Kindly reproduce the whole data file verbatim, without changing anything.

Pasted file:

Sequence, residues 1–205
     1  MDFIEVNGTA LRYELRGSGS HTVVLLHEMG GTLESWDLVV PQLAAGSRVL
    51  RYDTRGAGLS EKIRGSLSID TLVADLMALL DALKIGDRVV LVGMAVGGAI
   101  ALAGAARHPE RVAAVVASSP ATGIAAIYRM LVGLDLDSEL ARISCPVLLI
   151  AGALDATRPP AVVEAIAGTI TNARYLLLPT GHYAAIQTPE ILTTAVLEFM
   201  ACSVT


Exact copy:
Sequence, residues 1–205
     1  MDFIEVNGTA LRYELRGSGS HTVVLLHEMG GTLESWDLVV PQLAAGSRVL
    51  RYDTRGAGLS EKIRGSLSID TLVADLMALL DALKIGDRVV LVGMAVGGAI
   101  ALAGAARHPE RVAAVVASSP ATGIAAIYRM LVGLDLDSEL ARISCPVLLI
   151  AGALDATRPP AVVEAIAGTI TNARYLLLPT GHYAAIQTPE ILTTAVLEFM
   201  ACSVT